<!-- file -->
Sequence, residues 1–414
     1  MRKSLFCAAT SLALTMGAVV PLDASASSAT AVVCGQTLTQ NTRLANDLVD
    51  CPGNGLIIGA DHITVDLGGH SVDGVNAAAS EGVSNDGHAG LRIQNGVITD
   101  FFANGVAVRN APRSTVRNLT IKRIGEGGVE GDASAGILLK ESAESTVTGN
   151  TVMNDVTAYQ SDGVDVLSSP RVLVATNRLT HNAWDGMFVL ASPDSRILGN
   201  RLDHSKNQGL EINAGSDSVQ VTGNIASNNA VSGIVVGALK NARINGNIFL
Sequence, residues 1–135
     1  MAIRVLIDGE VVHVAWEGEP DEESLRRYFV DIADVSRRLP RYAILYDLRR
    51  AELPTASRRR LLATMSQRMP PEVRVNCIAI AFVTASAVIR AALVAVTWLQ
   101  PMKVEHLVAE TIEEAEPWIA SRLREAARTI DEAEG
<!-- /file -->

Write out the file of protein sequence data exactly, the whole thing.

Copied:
Sequence, residues 1–414
     1  MRKSLFCAAT SLALTMGAVV PLDASASSAT AVVCGQTLTQ NTRLANDLVD
    51  CPGNGLIIGA DHITVDLGGH SVDGVNAAAS EGVSNDGHAG LRIQNGVITD
   101  FFANGVAVRN APRSTVRNLT IKRIGEGGVE GDASAGILLK ESAESTVTGN
   151  TVMNDVTAYQ SDGVDVLSSP RVLVATNRLT HNAWDGMFVL ASPDSRILGN
   201  RLDHSKNQGL EINAGSDSVQ VTGNIASNNA VSGIVVGALK NARINGNIFL
Sequence, residues 1–135
     1  MAIRVLIDGE VVHVAWEGEP DEESLRRYFV DIADVSRRLP RYAILYDLRR
    51  AELPTASRRR LLATMSQRMP PEVRVNCIAI AFVTASAVIR AALVAVTWLQ
   101  PMKVEHLVAE TIEEAEPWIA SRLREAARTI DEAEG